Federal law prohibits employers from discriminating against people based on several factors, including their citizenship or immigration status, or their national origin. These protections apply during the hiring, firing, recruiting, Form I-9, or E-Verify processes. Employers with 15 or more workers also are prohibited from discriminating against applicants or employees in any term, condition, or privilege of employment on the bases of race, color, national origin, religion, sex (including pregnancy, sexual orientation, or gender identity), age, disability, or genetic information.
Employers cannot discriminate when:
- Hiring a new employee;
- Verifying an employee’s authorization to work on the Form I-9;
- Electronically confirming identity and employment authorization with E-Verify, including in the E-Verify tentative nonconfirmation (mismatch) process; or
- Terminating a person’s employment.
Employers also cannot retaliate against a person who:
- Files a charge of discrimination with the Immigrant and Employee Rights Section (IER) or the Equal Employment Opportunity Commission (EEOC);
- Participates in an investigation or prosecution of a discrimination complaint; or
- Asserts their rights or the rights of others under anti-discrimination laws.
IER investigates charges of employment discrimination related to an individual’s citizenship or immigration status, or national origin under a part of the Immigration and Nationality Act, found at 8 U.S.C. section 1324b. The EEOC also investigates employment discrimination based on national origin, in addition to other protected bases under Title VII of the Civil Rights Act of 1964. IER generally investigates national origin claims against employers with four to 14 employees, and EEOC investigates national origin claims against employers with 15 or more employees.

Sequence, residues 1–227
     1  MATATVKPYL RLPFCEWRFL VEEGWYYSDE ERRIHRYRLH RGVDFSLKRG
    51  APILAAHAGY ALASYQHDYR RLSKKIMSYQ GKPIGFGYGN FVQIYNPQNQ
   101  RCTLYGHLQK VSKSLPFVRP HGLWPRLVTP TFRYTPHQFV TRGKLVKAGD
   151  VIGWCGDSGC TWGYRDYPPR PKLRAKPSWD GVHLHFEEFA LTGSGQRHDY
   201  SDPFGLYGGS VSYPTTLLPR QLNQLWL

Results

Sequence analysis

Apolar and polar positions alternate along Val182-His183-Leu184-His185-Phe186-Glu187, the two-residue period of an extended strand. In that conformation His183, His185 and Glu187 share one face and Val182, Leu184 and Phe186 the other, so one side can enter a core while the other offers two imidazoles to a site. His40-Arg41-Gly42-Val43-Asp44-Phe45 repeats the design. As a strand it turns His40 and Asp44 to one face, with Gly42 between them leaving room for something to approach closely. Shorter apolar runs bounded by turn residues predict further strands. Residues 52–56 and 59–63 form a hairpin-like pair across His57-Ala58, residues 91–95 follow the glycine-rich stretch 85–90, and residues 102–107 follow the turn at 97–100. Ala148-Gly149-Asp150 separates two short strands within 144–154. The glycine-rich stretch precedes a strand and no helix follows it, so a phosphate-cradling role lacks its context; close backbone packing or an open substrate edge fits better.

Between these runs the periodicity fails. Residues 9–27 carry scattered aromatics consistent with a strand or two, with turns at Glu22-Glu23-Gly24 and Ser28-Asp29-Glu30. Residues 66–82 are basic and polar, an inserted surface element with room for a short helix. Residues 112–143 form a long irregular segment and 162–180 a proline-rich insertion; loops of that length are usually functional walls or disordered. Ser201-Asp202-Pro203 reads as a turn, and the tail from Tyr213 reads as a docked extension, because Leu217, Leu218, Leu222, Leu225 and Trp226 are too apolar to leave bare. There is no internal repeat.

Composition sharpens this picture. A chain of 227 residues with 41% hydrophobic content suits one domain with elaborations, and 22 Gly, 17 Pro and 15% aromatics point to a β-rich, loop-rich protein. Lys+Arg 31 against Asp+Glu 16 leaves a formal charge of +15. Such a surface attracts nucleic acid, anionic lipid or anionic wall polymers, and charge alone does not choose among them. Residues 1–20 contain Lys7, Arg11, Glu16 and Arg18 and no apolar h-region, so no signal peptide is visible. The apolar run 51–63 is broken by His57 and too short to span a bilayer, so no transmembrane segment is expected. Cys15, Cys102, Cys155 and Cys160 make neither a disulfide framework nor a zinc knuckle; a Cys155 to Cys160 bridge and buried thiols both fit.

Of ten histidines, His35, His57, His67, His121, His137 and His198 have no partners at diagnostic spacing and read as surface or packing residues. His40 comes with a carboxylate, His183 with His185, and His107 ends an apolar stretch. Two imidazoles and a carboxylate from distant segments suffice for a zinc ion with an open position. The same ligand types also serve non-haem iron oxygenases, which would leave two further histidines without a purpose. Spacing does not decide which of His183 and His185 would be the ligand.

|Types||What is prohibited?||Which employers are covered?|
|Citizenship or immigration status||Employers cannot discriminate when hiring, firing, or recruiting because of someone’s citizenship, immigration status or type of employment authorization. U.S. citizens, noncitizen nationals, asylees, refugees, and recent permanent residents are protected from this type of discrimination.||Employers with four or more employees are covered.|
|National origin||Employers cannot discriminate when hiring, firing, or recruiting based on someone’s place of birth, country of origin, ancestry, native language, accent, or because they are perceived as looking or sounding “foreign.”||Generally, IER covers employers with four to 14 employees. (Generally, the EEOC-enforced laws cover employers with more than 14 employees. The EEOC also covers discrimination in other aspects of employment, including terms and conditions.)|
|Unfair documentary practices||
Employers cannot, based on someone’s citizenship, immigration status, or national origin:
Employers cannot intimidate, threaten, coerce, or retaliate against a person because that person has engaged in protected activity, such as when someone:
The federal government may penalize employers who discriminate against employees.